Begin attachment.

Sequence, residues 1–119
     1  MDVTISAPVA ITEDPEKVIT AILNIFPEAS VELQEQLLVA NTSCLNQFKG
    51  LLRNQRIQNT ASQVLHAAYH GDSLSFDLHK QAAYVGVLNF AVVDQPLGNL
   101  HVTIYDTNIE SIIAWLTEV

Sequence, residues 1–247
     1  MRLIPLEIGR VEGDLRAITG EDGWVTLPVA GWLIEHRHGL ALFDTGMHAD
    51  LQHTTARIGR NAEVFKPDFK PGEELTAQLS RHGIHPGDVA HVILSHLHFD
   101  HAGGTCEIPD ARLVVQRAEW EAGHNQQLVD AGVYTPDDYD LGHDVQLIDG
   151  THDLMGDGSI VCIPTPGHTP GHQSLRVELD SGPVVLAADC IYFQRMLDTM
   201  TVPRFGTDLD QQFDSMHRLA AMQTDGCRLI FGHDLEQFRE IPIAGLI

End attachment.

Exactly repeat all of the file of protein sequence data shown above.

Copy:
Sequence, residues 1–119
     1  MDVTISAPVA ITEDPEKVIT AILNIFPEAS VELQEQLLVA NTSCLNQFKG
    51  LLRNQRIQNT ASQVLHAAYH GDSLSFDLHK QAAYVGVLNF AVVDQPLGNL
   101  HVTIYDTNIE SIIAWLTEV

Sequence, residues 1–247
     1  MRLIPLEIGR VEGDLRAITG EDGWVTLPVA GWLIEHRHGL ALFDTGMHAD
    51  LQHTTARIGR NAEVFKPDFK PGEELTAQLS RHGIHPGDVA HVILSHLHFD
   101  HAGGTCEIPD ARLVVQRAEW EAGHNQQLVD AGVYTPDDYD LGHDVQLIDG
   151  THDLMGDGSI VCIPTPGHTP GHQSLRVELD SGPVVLAADC IYFQRMLDTM
   201  TVPRFGTDLD QQFDSMHRLA AMQTDGCRLI FGHDLEQFRE IPIAGLI